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Methods for improving efficiency in quality measurement: the example of pain screening.

Bentley TG, Malin J, Longino S, Asch S, Dy S, Lorenz KA. Methods for improving efficiency in quality measurement: the example of pain screening. International journal for quality in health care : journal of the International Society for Quality in Health Care. 2011 Dec 1; 23(6):657-63.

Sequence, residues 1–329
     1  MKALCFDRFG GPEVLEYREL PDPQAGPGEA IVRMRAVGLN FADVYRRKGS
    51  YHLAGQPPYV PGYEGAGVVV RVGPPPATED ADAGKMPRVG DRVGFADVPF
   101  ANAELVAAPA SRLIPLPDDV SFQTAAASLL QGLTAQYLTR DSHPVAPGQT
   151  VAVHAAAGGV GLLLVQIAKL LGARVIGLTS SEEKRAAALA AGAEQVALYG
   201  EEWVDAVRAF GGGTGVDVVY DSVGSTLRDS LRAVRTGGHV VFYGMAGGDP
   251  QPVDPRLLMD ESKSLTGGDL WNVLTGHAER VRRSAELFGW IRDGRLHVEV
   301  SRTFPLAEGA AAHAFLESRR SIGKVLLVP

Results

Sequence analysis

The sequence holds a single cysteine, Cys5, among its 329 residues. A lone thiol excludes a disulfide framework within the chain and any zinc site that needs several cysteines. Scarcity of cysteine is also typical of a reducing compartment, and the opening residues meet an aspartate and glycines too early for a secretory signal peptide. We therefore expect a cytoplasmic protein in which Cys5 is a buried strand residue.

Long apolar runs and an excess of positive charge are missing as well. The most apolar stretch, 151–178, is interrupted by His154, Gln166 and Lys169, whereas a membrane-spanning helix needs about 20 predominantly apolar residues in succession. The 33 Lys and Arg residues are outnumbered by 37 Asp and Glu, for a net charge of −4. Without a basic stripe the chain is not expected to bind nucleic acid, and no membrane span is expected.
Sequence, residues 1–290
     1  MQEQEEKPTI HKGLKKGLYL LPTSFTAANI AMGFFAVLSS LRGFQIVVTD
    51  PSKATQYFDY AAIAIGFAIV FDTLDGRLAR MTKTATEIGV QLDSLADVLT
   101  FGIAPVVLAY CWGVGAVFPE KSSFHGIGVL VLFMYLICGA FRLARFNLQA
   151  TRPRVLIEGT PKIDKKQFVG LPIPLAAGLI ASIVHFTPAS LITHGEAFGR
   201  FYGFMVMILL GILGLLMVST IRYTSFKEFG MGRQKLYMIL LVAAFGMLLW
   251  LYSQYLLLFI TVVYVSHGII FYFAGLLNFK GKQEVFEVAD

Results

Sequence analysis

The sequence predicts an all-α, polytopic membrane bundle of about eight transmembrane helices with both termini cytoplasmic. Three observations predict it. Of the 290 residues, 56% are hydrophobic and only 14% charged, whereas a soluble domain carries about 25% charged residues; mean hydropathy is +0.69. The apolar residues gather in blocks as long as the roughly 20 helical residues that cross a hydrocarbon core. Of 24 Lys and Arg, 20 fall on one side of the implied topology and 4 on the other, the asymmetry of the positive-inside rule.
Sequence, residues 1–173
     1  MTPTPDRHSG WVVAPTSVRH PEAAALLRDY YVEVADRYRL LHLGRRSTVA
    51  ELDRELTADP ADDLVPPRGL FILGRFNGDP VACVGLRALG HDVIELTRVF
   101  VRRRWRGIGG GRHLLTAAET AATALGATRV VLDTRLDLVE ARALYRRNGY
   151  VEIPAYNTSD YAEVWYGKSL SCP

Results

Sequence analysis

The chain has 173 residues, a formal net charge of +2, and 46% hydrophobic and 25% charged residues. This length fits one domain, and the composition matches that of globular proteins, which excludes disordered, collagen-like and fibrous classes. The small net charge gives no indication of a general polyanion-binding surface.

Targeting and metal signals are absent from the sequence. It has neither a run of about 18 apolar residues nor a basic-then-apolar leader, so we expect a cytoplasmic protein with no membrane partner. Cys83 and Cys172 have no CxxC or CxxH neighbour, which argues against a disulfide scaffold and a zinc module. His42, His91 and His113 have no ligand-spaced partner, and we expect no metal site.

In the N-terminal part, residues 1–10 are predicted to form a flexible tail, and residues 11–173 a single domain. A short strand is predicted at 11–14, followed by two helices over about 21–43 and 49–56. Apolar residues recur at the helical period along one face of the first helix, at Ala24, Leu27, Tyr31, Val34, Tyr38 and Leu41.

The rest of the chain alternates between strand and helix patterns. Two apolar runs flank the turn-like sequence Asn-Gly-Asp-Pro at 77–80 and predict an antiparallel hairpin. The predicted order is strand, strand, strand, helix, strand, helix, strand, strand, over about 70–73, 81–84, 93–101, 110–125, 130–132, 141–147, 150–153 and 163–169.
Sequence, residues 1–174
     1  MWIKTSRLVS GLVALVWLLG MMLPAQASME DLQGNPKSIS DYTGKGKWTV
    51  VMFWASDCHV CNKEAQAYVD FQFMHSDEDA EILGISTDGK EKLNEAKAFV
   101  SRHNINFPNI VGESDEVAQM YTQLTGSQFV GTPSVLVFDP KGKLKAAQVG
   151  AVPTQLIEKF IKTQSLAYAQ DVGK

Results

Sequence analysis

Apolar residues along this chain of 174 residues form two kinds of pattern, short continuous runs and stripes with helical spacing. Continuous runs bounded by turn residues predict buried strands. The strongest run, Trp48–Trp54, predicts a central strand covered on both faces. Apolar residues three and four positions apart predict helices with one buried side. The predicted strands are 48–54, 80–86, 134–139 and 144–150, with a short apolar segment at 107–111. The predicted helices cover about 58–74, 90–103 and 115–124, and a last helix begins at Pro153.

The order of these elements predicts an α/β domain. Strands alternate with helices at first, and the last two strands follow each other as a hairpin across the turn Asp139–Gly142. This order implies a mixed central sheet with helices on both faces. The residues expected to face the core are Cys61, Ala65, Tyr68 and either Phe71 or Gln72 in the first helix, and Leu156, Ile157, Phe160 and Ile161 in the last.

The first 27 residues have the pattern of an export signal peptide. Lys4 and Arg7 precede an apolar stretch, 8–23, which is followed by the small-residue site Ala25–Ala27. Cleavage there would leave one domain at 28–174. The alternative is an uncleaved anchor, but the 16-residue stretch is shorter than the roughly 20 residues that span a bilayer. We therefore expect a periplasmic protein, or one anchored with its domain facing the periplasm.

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OBJECTIVE: Collecting unnecessary data when assessing quality of care wastes valuable resources. We evaluated three approaches for estimating quality-measure adherence and determined minimum visit data required to achieve accurate estimates. DESIGN: We abstracted medical records for calculating physician-level pain screening rates as: visit-specific, using single-visit data for each patient; visit-level average, using data for all patients and visits; and patient-level average, using data from a subset of patients and visits. SETTING: VA Greater Los Angeles Health-care System, 2006. PARTICIPANTS: One hundred and six patients with Stage IV solid tumors. INTERVENTION: Pain screening at every medical encounter, measured by a 0-10 numeric rating scale and reported to the national Medicare insurance program under a 'pay-for-reporting' program. MAIN OUTCOME MEASURES: Amount of visit data needed to reach the smallest 95% confidence interval (CI) and stable pain screening estimates. RESULTS: Pain screening occurred at 22% (23/106; 95% CI: 14-30%) of initial visits and 50% (8/16; 95% CI: 25-75%) of single visits. Across all visits, screening adherence averaged 34% when estimated at the visit-level precision and 30% at the patient level. Maximum patient-level precision was reached at visit 4 (95% CI: 8%) and visit level at visit 14 (95% CI: 6%). Using patient-level and visit-level approaches, estimates stabilized at visits 8 and 11, respectively, and reached within 1 percentage point of the steady-state value at visits 4 and 9. CONCLUSION: To address low-pain screening among cancer patients, an oncology pain screening measure may be most efficiently evaluated with data from a sample of patients and visits. This approach may be valid for visit-level quality measures in other settings.

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